The Australian government and state and territory leaders have endorsed a national vaccination policy after positive news of vaccines to be rolled out next year, Prime Minister Scott Morrison announced following Friday's national cabinet.
The Prime Minister also announced that the caps for international arrivals would be increased to get more Australians home. But he noted this would not extend to international students.
The Australian chief scientist, Alan Finkel, also submitted to the national cabinet a review of the national contact tracing program which Mr Morrison said would be shared with the incoming Biden administration in the US.
Mr Morrison said the whole of the national cabinet had been keen to endorse the Commonwealth vaccination policy.
"It's another sign together as a country we are working to prepare ourselves to be able to disseminate and administer these vaccines all around the country when they are ready, when they have passed the necessary TGA approvals and to ensure they are safe," Mr Morrison said.
The chief medical officer Paul Kelly confirmed Australia had advanced purchase orders for four different vaccines, or 134 million doses. He said Australia had also signed up to the COVAX agreement and this would guarantee that 50 per cent of the population could be vaccinated.
Professor Kelly noted though that questions still remained regarding effectiveness of some of the vaccines. He also confirmed the vaccine would be free for Australians.
The Prime Minister said the government would not make the vaccine mandatory but encouraged people to get vaccinated when it was possible.
Responding to a question about anti-vaxxer misinformation spreading online, Mr Morrison said Australians should follow advice from medial experts instead of following information available online.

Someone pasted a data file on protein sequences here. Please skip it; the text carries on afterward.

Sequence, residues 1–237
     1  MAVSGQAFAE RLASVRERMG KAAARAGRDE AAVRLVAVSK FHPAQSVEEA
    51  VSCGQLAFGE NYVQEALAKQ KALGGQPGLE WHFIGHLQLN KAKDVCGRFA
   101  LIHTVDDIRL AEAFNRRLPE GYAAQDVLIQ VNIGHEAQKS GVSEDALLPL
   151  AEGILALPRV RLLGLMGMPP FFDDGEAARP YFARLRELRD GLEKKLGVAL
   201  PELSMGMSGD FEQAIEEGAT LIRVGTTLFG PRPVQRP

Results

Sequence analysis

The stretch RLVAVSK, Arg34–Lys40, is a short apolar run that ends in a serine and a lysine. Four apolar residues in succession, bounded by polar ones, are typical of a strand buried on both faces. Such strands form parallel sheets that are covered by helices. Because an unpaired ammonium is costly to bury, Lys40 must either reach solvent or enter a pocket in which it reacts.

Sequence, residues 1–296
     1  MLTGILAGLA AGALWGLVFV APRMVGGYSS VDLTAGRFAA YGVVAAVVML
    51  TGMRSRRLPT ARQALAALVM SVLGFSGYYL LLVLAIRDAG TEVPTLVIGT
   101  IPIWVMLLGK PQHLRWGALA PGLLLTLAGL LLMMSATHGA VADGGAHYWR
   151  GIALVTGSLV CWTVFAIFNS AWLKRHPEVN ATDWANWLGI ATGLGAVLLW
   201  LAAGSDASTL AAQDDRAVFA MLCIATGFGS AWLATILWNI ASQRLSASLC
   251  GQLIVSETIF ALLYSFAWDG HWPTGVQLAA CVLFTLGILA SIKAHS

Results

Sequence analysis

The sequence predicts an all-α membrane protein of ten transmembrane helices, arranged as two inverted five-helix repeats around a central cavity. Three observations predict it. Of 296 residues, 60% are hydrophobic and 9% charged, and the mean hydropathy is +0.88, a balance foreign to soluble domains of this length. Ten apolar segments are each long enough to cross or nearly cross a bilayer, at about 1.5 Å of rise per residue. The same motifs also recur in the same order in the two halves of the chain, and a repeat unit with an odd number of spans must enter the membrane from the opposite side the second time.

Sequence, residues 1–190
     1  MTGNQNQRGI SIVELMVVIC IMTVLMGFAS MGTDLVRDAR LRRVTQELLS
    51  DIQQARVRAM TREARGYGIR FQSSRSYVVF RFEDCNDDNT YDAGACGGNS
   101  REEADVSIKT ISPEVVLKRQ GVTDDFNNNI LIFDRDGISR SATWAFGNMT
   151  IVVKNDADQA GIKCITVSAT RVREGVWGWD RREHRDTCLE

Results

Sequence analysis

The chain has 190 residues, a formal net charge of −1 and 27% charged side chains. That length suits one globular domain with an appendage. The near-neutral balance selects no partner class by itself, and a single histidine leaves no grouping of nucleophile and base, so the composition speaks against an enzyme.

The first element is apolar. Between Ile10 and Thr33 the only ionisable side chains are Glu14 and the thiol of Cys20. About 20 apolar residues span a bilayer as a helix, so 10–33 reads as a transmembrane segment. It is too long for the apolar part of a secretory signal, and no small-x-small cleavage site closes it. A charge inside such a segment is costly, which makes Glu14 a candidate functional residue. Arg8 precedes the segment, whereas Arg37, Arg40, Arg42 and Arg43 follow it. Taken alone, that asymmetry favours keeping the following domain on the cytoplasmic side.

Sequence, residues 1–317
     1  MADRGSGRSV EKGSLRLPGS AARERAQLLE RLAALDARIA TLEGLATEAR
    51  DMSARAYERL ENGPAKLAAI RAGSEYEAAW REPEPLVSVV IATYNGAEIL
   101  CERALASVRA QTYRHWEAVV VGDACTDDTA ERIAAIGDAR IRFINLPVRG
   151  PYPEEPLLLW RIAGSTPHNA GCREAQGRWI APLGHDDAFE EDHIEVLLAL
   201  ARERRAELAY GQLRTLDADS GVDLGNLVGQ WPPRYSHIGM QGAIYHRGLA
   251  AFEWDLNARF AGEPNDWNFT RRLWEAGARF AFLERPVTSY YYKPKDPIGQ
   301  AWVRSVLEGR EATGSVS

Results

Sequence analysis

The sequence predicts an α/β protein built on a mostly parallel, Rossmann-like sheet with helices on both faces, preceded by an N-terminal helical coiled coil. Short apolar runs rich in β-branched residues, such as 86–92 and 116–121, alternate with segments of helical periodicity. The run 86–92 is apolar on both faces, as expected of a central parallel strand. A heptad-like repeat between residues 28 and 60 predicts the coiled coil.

He said the government would not take any shortcuts in assuring the safety of the vaccines and would communicate that to the public.
Mr Morrison said Victoria was preparing to take international arrivals, although this was not ready to occur yet. He said the estimated 25,000 Australians the government was trying to return from overseas did not include Victoria accepting arrivals, so the amount could increase.
However, he was adamant returning Australians would be the priority and this meant international students would not be accepted at this time.
"The challenges we have in getting Australians home means the ability to move and take international students back at this time through quarantine arrangements does not present itself," he said.
"It's Australians coming home first. That is the Commonwealth policy, that is our policy, and that is the policy that is also being followed by the National Cabinet.
"We need to use every available space that we have in quarantine, and it is not simply a matter of other rooms and hotels to do it, there is also the police, the support that is needed to properly run quarantine.
"So it is a function of all of these, and the quarantine system has been working effectively and we want it to keep working effectively."